Five questions after the first Test at Ahmedabad
England was hammered by nine wickets during their first Test against India in Ahmedabad. There was some good cricket in spells from the visitors and some brilliant cricket from the hosts most of the time, but, as always, there are questions to be asked about the state of cricket as well as the performances of certain cricketers. By ANT SIMS.
How long will KP be in denial about his ineptitude against left arm spin?
The story goes that no matter how bad the left-arm spinner, if he is bowling against Kevin Pietersen, he will get the former South African out. KP’s showing against Pragyan Ojha in the first Test in Ahmedabad was abysmal. Pietersen has previously denied that he has any sort of problems against the left-armers, but the evidence is becoming increasingly clear that some sort of mental weakness exists for Pietersen. It might very well be the only weakness he has, but it’s a weakness nonetheless. His shot selection was an abomination, and while there is no doubt that he is an incredibly talented player, whatever block he has against left arm spin needs some work. The first step of recovery is admitting you have a problem, and somebody as stubborn as KP might never come around to admitting that he needs help.
Can Stuart Broad be dropped?
While Ahmedabad was never going to offer much for the fast bowlers, nobody expected England’s pace attack to look quite as poorly as they did against India. Stuart Broad was atrocious, not just with his bowling but also in his general conduct. He’s always had the problem of excessive appealing, but in Ahmedabad, Broad looked like he had never read the leg-before rule in his life. He finished the first innings with figures of 24-1-97-0 and didn’t even bowl in the very short second innings. Steven Finn missed out on the first Test due to injury and if he is fit for the Mumbai clash, he has to play – there’s no question about that. But who makes way? Tim Bresnan is the obvious choice, but with the Mumbai pitch likely to provide assistance for the spinners, England might be tempted to draft Monty Panesar into the side as a backup to Graeme Swann. The question, then, is whether England’s blue-eyed boy and vice-captain can be dropped.
What of Ian Bell, then?
When Ian Bell is in full flow, he is a joy to watch. He is, however, mentally weak and he far too often does far too many stupid things to warrant a place in an international Test side. The shot he played to get out during England’s first innings was, to say the least, baffling. With his side at 69-4, still miles behind India’s first innings lead, Bell walked out to the crease, came down the track ,and skied the ball straight to mid-off – playing one of the dumbest shots cricket has seen all year. He’s gone back home to England to be with his wife while she gives birth, but should Bell be given another chance upon his return? He’s made some handy runs in England colours this year, but with Jonny Bairstow lurking in the wings and looking like a solid replacement, Bell might not deserve another go. If chances were based solely on how he got himself out, he should be banned from cricket for life.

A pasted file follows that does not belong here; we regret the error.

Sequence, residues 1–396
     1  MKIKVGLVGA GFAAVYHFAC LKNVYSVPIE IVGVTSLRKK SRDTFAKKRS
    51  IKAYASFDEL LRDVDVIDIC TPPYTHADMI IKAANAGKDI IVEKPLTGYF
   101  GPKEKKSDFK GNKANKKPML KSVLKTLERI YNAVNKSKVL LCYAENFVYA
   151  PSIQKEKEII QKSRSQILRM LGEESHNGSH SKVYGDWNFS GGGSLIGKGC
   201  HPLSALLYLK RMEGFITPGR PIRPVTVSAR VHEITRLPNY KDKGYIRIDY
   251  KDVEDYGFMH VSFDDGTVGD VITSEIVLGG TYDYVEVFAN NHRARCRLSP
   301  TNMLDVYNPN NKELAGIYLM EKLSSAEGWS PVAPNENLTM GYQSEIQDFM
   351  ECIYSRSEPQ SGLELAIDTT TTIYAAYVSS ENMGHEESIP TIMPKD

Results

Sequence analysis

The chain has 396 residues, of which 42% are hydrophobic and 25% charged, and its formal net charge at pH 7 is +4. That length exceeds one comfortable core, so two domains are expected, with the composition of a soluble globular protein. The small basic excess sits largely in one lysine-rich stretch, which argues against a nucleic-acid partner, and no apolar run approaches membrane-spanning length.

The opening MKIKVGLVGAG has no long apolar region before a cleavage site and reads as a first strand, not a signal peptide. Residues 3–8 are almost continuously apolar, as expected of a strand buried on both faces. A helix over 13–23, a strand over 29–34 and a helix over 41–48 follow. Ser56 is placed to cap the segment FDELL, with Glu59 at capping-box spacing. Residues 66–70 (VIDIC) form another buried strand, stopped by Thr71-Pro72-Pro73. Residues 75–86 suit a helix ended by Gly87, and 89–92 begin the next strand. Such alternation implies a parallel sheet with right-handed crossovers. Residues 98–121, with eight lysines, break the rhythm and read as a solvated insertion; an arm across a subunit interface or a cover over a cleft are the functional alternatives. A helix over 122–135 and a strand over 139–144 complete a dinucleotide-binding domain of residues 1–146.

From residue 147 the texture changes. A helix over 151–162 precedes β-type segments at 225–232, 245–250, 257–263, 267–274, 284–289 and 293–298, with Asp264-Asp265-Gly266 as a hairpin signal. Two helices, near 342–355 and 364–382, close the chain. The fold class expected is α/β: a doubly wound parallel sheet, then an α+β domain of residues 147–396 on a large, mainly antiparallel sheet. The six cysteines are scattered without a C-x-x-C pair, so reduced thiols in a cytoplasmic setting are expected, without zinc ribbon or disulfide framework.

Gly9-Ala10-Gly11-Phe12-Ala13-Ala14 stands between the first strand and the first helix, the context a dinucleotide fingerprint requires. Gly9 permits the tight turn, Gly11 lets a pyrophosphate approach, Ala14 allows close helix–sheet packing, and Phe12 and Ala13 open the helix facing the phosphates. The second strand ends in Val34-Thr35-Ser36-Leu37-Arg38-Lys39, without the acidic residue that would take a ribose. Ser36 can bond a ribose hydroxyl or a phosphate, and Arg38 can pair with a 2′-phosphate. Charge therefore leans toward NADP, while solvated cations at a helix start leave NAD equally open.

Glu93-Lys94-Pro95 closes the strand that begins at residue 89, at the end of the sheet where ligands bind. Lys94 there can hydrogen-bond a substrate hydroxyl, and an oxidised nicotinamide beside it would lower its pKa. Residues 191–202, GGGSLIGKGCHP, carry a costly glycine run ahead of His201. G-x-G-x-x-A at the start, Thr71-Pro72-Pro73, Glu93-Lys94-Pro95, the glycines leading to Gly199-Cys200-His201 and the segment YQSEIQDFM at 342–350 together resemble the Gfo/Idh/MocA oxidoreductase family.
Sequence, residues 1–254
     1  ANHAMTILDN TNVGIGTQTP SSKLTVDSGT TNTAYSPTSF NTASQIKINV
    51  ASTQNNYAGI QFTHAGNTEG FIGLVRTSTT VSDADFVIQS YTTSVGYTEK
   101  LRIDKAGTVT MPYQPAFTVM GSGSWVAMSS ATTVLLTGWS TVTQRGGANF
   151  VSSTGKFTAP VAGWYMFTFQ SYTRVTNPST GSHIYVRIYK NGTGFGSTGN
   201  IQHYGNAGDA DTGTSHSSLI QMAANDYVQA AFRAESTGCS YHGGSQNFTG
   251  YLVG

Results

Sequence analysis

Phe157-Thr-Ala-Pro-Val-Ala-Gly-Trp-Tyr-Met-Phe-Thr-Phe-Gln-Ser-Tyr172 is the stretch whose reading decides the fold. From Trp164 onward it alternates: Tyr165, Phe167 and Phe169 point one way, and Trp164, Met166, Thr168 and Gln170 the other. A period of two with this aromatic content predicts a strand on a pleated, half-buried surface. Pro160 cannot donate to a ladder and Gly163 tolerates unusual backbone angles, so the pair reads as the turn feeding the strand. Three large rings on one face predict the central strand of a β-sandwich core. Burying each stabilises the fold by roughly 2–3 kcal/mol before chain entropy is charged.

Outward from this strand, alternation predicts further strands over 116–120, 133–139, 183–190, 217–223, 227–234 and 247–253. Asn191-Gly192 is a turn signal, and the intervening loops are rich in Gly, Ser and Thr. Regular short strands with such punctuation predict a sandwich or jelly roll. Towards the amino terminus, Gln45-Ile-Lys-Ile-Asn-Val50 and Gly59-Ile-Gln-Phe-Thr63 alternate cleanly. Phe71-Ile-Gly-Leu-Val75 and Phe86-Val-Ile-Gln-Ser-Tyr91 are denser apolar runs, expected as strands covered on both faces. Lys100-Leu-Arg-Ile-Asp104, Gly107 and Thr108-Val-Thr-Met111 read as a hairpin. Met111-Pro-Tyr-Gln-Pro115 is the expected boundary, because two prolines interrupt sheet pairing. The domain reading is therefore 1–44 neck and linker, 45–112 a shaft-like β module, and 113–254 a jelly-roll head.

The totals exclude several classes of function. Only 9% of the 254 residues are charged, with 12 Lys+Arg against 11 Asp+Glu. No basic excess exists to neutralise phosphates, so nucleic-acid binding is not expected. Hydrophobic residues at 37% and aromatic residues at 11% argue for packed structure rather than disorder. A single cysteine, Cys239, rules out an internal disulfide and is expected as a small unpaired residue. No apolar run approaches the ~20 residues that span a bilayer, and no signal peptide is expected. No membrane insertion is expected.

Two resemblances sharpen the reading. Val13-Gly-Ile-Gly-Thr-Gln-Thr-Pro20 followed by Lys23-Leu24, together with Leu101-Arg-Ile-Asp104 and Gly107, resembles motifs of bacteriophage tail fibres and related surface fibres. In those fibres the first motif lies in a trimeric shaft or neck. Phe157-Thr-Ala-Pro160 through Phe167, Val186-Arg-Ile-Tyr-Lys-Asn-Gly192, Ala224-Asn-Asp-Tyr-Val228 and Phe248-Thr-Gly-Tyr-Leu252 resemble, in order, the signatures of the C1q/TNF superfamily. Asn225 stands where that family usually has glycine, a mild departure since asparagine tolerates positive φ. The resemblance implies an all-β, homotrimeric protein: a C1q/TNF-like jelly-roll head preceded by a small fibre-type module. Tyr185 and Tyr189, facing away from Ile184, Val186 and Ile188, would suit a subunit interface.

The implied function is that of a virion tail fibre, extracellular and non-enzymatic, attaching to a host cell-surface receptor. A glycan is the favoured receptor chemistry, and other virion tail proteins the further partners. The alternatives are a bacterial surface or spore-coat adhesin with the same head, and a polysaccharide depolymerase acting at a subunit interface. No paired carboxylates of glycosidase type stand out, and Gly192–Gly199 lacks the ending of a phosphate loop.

Is Che Pujara the real deal?
Whenever a great cricketer retires, there is always an expectation on the person coming in to replace them to be somewhat magical. Che Pujara has not disappointed since coming in to the Indian side. He’s got the silky wrists so reminiscent of Rahul Dravid and the temperament of a Test match veteran. He’s played just six Tests, but he already averages 71.25. He’s scored two hundreds and a double in his short career, and he looks dead set to have a long future ahead of him. Young cricketers in India, however, are always under the cosh. Pujara looks like the real deal, he bats like the real deal and he certainly has the temperament of the real deal, but he’ll be under the microscope for the remainder of the series to determine whether he can indeed walk the talk.
Should the ICC make DRS mandatory?
The umpiring in the Test at Ahmedabad was a disgrace. There were a number of poor decisions which affected both teams. Many of them could have and would have been rectified if the Decision Review System were in place. It’s a topic that has caused much debate and perhaps it should also be asked whether umpires are now lazy and overly reliant on technology. But the ICC’s persistent apathy towards DRS has left many fuming. As long as the ICC refuses to make a decision on how different cricket boards should approach DRS, the debate will rage on, but after the awful umpiring in the first Test it seems as good a time as any to reignite the debate on just how much sway the ICC should hold over the use of DRS. DM
Photo: India's captain Mahendra Singh Dhoni (R) and his England counterpart Alastair Cook hold the trophy during its unveiling ceremony in the western Indian city of Ahmedabad November 14, 2012. The first test cricket match between India and England will be played in Ahmedabad starting Thursday. REUTERS/Amit Dave